Category: Stories

Choices In Narrative

A little writing advice, for those who struggle with the idea of larger works which are themselves composed of many smaller works. It’s easy to imagine sequences of action and reaction, but it’s harder to render cause and effect. Here is a simple thesis about how to view goals in storytelling; the beginnings and endings of acts, things that determine the consequences that shape each stage of the plot.

An act concludes when a character the act pivots around makes a choice that cannot be undone.

This logically presents a challenge for time travel stories. The point is that these things represent necessary gates on a characters’ story, a point where the story has to accept and render permanent a new state.

I find this is a good way to think of stories and it can help to isolate why so many stories – especially those in heavily franchised works – don’t actually feel like they matter much. In any given Sweet Valley or Christian Ripoff Of The Same story, any individual misunderstanding will be solved by characters just explaining things and talking it out and maybe praying and talking to the pastor. It’s a useful rule of thumb for marking points where stakes reside: The way tomorrow is different from today.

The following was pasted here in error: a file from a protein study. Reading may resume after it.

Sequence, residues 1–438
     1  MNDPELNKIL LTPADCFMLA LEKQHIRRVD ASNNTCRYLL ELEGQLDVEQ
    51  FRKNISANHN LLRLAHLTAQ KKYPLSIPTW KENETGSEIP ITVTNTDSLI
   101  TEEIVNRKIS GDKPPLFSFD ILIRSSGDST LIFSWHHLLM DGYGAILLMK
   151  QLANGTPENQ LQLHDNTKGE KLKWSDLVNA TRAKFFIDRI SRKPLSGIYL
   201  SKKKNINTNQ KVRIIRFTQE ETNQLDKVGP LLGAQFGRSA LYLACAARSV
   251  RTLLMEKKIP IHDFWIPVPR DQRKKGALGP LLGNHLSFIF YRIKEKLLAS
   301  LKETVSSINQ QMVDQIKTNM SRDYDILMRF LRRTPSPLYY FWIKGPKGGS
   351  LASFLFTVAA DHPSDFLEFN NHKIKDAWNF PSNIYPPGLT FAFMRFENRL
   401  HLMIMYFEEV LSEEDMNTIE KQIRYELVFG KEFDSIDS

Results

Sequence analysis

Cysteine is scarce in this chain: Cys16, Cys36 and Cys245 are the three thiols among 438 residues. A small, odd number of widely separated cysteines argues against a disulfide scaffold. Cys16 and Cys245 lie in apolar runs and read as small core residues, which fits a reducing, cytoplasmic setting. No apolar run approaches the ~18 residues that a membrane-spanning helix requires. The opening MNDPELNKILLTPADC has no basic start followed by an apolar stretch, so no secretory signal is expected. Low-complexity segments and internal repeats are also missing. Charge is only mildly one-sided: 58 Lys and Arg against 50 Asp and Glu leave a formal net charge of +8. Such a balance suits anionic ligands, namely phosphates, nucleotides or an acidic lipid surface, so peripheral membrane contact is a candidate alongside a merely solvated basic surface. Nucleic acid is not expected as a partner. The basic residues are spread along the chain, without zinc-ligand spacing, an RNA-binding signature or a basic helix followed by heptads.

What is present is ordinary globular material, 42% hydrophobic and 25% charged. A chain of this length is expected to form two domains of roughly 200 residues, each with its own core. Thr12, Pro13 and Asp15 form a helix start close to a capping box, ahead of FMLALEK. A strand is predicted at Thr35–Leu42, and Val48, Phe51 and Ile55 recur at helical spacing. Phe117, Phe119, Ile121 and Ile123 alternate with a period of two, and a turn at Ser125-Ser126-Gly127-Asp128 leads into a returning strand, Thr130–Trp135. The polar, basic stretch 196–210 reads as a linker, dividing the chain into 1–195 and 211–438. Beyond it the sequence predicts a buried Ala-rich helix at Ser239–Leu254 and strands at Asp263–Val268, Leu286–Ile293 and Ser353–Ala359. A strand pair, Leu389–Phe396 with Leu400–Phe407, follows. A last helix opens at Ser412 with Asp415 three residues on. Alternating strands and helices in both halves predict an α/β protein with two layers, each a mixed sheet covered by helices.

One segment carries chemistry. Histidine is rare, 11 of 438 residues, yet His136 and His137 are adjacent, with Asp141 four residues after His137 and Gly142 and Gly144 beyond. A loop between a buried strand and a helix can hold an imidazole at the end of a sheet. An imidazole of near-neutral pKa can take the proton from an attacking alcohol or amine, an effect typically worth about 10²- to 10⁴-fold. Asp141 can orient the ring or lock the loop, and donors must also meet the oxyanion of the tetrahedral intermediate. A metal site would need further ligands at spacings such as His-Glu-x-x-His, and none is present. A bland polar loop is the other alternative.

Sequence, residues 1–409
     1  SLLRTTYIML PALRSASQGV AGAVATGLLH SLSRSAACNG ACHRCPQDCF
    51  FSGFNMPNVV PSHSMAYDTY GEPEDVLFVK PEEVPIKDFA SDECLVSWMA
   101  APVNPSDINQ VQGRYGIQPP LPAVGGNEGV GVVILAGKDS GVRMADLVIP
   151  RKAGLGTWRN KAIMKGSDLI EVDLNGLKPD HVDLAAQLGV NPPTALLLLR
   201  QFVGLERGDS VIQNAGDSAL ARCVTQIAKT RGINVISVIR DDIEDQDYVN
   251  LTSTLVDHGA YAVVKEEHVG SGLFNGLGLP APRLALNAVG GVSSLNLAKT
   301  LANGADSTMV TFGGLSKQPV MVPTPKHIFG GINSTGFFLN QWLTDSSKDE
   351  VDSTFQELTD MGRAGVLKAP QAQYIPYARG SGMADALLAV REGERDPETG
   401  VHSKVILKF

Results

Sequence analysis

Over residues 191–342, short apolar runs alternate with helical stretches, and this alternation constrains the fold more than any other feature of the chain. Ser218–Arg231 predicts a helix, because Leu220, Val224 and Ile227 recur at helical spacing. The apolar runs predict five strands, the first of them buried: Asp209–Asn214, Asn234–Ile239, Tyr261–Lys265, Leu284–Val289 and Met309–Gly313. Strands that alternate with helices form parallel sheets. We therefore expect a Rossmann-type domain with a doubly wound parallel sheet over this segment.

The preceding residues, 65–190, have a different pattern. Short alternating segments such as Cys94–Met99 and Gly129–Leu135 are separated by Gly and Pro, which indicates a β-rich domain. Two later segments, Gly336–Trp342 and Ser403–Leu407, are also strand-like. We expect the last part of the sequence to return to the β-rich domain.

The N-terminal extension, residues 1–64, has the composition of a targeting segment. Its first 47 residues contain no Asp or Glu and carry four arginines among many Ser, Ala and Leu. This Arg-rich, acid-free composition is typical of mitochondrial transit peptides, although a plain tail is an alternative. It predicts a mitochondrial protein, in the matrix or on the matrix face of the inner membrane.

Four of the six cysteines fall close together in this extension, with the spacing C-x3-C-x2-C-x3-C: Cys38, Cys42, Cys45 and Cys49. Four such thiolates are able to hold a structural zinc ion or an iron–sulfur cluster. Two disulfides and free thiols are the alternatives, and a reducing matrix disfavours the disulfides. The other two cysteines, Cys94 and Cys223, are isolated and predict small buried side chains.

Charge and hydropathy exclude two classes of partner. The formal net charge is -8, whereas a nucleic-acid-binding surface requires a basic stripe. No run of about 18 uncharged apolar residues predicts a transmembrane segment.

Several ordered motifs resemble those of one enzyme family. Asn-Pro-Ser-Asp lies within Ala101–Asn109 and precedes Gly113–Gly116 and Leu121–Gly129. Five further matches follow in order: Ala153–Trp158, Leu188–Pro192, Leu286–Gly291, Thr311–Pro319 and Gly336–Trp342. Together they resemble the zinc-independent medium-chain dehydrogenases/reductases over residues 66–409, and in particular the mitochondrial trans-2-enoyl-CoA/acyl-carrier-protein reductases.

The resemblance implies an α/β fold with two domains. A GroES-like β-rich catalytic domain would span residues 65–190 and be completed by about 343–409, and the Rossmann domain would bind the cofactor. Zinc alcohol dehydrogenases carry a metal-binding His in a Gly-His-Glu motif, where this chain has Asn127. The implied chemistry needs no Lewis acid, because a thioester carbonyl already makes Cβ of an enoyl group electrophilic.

Blacklist’s Twist’s Piss

http://www.nbc.com/sites/nbcunbc/files/files/styles/640x360/public/images/2016/8/10/NBC-Blacklist-AboutImage-1920x1080-KO.jpg?itok=iok_kZEO

I’ve watched all of the Blacklist that’s available on Netflix Australia right now, which is to say up to the end of Season 4, and I did so only, I can assume out of some sense of ridiculous obligation. Blacklist is a TV series that establishes itself with a strong premise, a robust opening, a promising cast of initial characters, and stands back, arms spread, saying watch this unfold.

I have now after all this watching, some information for you which must come after the fold, because somehow someone out there might be fancying No, I want to watch this show, without that knowledge, so it can surprise me. If that’s the case, friend, please, first of all, brace for disappointment, but, for your sake, here is the fold: Continue reading